Review: Body Awareness by Hyde Park Theatre
by Michael Meigs
Annie Baker's Body Awareness is a well crafted, attractive little comedy with lots of heart. I hadn't really expected that, for the Hyde Park style is more often sardonic, grimly humorous or menacing. After all, director Ken Webster had been using a publicity shot of the cast in which they looked as if they'd been arrested by the Austin Police Department at a wild party.
Because of a trip out of town, my first chance to attend was the Thursday night of week three. That's usually a quiet night at any theatre here, but Body Awarenessboarded like an airliner, accommodating wait-listed passengers. Word had gotten around.
The theatre's promo video sets the characters vividly, so I knew that Stephen Mercantel as Jared was an in-your-face young man frustrated with the world, not in small part because everyone insists that he has Asperger's syndrome -- an inability to empathize or adapt to social conventions, so that he's always asking difficult questions and making observations that come across as unfeeling or cruel. The video captures some of Baker's cleverest turns exploiting that social inability, when Jared is trying to get information about sex and sexuality from adults who are acutely uncomfortable with his questions.
But Baker's play doesn get stuck there, as a TV situation comedy might get stuck exploiting a single character trait or situation. Instead, she succeeds in giving Jared an unlikely appeal and depth. He's enchanted with words and their etymologies; he is reading the Oxford English Dictionary line by line in hopes that someday, despite his lack of formal education, he might become a lexicographer. His unkind, probing questions about human relations and sex arise not from indifferent observation but because he has a deep need to be liked and appreciated.
The real joke, and the one that makes this such an appealing play, is that the adults around Jarred don't have very clear answers to any of his questions. His mom Joyce (Katherine Catmull) is a high school teacher, survivor of a disastrous marriage. We don't get much of that background, but we do learn that Joyce is tentative about herself, her appearance, and her current relationship. Her partner Phyllis (Emily Erington) clings to identity as an "academic" even though that means a minor position at a community college, where she's the uncomfortable organizer and emcee for "Body Awareness Week." Phyllis admits to the public, with an involuntary grimace, that "body awareness" is an effort to provide greater scope to what was previously anti-bulemia week.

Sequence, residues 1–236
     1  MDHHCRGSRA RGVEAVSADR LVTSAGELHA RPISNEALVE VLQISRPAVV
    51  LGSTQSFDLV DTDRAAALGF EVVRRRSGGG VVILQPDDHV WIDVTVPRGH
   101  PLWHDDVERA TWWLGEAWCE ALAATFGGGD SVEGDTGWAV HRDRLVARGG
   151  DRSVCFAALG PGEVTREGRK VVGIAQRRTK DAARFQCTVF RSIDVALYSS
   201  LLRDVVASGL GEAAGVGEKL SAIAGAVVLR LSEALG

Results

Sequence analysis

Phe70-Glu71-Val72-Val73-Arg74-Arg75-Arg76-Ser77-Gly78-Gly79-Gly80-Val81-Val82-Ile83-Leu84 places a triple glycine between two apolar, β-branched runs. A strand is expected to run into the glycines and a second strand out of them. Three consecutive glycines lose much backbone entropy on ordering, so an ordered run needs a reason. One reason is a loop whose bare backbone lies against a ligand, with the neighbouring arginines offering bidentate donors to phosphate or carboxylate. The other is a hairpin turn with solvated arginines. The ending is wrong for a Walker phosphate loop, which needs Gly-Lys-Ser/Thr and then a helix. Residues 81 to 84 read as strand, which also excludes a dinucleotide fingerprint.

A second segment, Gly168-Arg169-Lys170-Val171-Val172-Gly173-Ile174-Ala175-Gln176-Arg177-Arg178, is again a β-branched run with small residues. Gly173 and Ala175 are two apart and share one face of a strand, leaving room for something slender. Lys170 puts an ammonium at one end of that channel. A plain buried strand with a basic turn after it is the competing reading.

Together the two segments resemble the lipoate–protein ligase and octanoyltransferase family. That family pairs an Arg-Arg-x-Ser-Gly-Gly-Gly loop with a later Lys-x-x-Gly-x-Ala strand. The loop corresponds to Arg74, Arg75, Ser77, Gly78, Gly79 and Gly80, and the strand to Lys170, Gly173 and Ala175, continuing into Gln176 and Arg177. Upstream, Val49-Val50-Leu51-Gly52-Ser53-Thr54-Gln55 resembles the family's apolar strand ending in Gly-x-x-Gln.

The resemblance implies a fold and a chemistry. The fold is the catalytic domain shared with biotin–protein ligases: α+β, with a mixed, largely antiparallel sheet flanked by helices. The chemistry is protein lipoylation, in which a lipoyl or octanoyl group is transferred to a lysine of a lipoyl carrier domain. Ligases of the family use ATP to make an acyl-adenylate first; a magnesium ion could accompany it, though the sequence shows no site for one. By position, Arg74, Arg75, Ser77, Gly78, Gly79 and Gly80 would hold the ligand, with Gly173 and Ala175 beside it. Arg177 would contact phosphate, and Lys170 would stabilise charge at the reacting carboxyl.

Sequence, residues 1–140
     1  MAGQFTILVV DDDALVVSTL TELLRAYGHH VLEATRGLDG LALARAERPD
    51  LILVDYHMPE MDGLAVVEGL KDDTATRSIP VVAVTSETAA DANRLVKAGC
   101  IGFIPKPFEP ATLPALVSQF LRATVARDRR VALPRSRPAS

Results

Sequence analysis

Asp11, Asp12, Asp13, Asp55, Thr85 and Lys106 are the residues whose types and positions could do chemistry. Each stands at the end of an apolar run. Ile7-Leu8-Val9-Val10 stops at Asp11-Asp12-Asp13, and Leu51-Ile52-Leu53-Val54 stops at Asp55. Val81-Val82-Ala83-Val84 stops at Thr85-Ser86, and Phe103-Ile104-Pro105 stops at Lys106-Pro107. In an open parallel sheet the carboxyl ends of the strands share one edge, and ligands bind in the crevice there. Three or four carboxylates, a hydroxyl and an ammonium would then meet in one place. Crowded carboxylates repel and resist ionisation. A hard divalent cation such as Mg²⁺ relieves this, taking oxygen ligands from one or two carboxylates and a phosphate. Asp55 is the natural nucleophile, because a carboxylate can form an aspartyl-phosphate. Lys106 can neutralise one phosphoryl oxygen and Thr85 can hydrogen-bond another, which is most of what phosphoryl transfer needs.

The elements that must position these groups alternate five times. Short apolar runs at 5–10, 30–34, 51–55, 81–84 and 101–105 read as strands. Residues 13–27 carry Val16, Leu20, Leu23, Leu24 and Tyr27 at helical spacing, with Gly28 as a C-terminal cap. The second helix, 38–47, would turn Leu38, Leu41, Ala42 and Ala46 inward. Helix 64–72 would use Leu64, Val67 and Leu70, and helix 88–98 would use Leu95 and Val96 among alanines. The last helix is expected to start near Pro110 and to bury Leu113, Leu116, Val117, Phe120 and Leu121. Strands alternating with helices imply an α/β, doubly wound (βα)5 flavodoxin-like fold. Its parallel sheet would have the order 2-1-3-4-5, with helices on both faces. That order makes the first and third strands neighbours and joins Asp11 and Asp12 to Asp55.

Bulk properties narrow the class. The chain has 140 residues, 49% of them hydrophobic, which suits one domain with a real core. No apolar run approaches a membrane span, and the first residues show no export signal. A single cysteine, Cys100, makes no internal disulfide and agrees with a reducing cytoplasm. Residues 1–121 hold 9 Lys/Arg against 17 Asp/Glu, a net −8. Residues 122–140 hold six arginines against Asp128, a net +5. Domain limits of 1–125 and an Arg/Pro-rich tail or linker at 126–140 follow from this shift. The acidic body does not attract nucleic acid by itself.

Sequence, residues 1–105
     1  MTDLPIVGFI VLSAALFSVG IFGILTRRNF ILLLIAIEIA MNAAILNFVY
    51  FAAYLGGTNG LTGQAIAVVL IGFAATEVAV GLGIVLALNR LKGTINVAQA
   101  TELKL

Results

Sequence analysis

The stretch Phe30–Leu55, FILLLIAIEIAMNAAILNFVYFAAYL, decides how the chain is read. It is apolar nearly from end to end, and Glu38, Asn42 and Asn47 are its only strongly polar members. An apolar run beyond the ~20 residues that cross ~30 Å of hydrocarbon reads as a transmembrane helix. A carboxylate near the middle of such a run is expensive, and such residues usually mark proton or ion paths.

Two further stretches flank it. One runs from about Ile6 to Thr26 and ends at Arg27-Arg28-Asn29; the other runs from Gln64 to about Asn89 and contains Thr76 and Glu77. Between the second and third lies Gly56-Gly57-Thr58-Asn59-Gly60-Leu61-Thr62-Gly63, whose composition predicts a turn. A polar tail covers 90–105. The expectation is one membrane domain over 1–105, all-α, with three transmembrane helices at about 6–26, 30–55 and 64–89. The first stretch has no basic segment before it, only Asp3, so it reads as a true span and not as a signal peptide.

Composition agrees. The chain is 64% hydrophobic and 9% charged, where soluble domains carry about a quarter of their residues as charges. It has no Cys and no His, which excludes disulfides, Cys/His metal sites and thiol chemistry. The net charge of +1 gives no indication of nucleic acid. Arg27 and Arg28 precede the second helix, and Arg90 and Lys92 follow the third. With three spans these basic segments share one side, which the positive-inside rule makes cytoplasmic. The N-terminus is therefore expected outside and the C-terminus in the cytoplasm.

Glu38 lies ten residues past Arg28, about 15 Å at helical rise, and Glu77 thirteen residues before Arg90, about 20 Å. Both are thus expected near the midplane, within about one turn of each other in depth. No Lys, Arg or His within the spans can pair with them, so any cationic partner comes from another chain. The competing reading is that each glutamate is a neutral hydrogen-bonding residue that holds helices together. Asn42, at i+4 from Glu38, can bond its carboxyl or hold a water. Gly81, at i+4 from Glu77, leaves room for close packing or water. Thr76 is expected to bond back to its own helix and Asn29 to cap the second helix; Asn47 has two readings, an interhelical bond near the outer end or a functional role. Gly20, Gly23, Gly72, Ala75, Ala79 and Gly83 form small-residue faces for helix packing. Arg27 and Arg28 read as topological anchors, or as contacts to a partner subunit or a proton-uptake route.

Invited to the college doings is itinerant photographer-artist Frank (Kenneth Wayne Bradley), whose vocation is assembling a collection of photographs of very ordinary women of all ages who have agreed to pose nude for him. Jared's mom has offered Frank a room in their house for the festival week. Phyllis, not consulted, is offended, especially when she learns of Frank's photographic inclinations. And she's even more cheesed off when she thinks that meek Joyce is starting to fall for this guy.
As for Frank, here's a Ken Bradley I've never seen before: a bland, agreeable, new-age non-macho sort of fellow, an urban Buddhist from a Christian protestant background, with a syllable-perfect knowledge of the prayers for Shabbat. ("I was married for a long time to a Jew.") Phyllis, who's anything but a tough guy, conducts tart guerrilla warfare against this feel-good attitude. Joyce and Jared, in contrast, turn to him for counsel, and in both cases Frank provides them with gentle mush.
Who are our friends? Who are our lovers? How do we find them and what arrangements do we negotiate with them so as to stay safe and warm? Jared is eventually prompted to venture out beyond the cocoon of the house and the dictionary; Phyllis and Joyce explore, perhaps for the first time, themes of pique and imagined betrayal. Frank floats through with reflective questions ("well, what do you think about that?") and a kind aspect. And, inevitably, there's the opportunity and the threat of Frank's camera, mutely inviting self-revelation.
Baker brings the comedy from the characters and their dilemmas, and we develop concern and sympathy for each of them -- except, perhaps, for Frank, whose role is that of involuntary catalyst. The concluding scene is one of quiet magic, summing up our feelings for all of them and illuminated at the very last instant with a strobe flutter that mimics the flash on Frank's camera.
Lovely. I'm really looking forward to HPT's staging in July of Baker's Circle, Mirror Transformation.
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